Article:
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Estate Planning

Estate Planning Newsletter

  • Distributing the Assets of Missing Persons
    When an individual dies, their estate must be administered and distributed according to their previously established estate plan (if the decedent executed an estate plan prior to their death) or state intestate succession laws (if the... Read more.
  • What is a Special Power of Appointment?
    What is a Power of Appointment? A power of appointment is the power given by one person to another (referred to as the “holder” of the power of appointment) to designate who is to receive an asset.... Read more.
  • Getting Rid of an Executor or Administrator
    State laws and procedures typically govern the administration of an estate. For this reason, the law varies among jurisdictions. However, in 1969, a “Uniform Probate Code” (Uniform Code) was introduced. Since that time,... Read more.
  • Special Needs Trusts Preserve Public Benefits for the Disabled
    Some government statistics estimate that between 15% and 20% of all Americans have some form of disability. It is also estimated that the majority of disabled persons will need to avail themselves of public assistance to help pay the... Read more.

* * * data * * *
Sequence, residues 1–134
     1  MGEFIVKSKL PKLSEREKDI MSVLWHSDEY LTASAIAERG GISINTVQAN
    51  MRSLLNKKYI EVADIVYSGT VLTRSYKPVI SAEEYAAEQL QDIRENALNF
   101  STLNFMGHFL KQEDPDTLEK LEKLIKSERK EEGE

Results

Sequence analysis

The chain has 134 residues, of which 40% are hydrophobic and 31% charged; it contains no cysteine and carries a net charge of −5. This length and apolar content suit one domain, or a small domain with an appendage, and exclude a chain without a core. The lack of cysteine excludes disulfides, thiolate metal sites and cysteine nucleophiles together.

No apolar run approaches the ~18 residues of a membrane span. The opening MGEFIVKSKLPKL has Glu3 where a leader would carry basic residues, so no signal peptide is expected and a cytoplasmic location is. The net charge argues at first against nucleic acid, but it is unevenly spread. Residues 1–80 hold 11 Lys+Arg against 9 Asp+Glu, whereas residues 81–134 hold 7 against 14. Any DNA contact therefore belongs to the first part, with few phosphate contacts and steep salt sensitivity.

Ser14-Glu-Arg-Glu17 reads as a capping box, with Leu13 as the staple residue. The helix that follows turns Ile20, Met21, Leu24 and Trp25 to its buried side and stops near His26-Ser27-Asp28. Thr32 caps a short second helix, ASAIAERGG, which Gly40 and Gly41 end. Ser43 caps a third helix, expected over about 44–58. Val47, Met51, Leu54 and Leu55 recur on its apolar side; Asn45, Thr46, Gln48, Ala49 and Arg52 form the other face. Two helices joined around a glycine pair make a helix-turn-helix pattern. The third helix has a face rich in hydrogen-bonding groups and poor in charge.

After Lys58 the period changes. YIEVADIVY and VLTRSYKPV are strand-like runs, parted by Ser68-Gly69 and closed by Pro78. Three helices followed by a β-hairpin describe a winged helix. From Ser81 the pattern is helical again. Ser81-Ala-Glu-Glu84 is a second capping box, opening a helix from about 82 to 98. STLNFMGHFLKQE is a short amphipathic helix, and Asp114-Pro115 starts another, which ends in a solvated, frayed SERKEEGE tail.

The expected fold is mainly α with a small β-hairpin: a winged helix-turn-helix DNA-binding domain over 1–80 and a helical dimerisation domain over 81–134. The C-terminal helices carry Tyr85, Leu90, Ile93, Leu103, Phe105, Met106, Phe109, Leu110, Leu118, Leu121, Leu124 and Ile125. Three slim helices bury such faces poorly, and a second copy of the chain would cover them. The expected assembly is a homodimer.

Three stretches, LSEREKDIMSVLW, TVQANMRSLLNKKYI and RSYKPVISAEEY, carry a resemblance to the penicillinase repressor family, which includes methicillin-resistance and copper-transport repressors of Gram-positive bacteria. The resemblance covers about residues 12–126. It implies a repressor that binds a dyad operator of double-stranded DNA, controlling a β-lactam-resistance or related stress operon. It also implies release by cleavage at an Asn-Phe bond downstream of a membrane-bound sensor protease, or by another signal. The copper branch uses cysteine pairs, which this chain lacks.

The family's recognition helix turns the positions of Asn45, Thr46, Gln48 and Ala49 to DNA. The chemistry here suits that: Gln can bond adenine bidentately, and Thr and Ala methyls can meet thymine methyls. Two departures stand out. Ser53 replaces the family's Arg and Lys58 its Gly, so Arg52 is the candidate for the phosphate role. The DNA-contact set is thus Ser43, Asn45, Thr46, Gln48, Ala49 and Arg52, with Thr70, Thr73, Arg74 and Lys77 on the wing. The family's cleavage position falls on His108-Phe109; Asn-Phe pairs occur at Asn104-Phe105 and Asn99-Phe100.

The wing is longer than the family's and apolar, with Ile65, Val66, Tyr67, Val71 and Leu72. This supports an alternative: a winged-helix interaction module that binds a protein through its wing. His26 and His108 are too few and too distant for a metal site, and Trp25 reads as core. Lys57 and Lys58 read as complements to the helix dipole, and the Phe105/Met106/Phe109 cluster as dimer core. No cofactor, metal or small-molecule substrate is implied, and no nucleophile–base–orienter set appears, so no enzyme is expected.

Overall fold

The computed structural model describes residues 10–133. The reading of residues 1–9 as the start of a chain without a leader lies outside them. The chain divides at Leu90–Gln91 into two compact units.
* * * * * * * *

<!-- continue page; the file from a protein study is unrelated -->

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Correcting Mistakes in Trust Distribution

There may be instances where property under a trust is transferred to the wrong beneficiary. This transfer can be corrected through a remedy called a resulting trust or an implied trust. Do not confuse a resulting trust, which is created by the court to remedy some error, from an express trust, which is a trust expressly created by a person (the trustor or settlor) who designates a trustee to manage assets or property for the benefit of trust beneficiaries.

When a Resulting Trust Is Imposed

A resulting trust is typically imposed by a court, and may occur under any of the following situations:

  • Failure of an express trust (due to unclear intentions or inherent illegality)
  • A need to determine who is to receive property that remains after an express trust has been administered and property has been distributed
  • A person acquires property that was not meant to be a gift to him/her

Distinguishing Characteristics

Resulting trusts are different from other trusts, in that they are:

  • Involuntary – Imposed by law, rather than being voluntarily created.
  • Not a Constructive Trust – Imposed because of a good faith error, instead of the fraudulent transfer or undue influence that characterizes constructive trusts.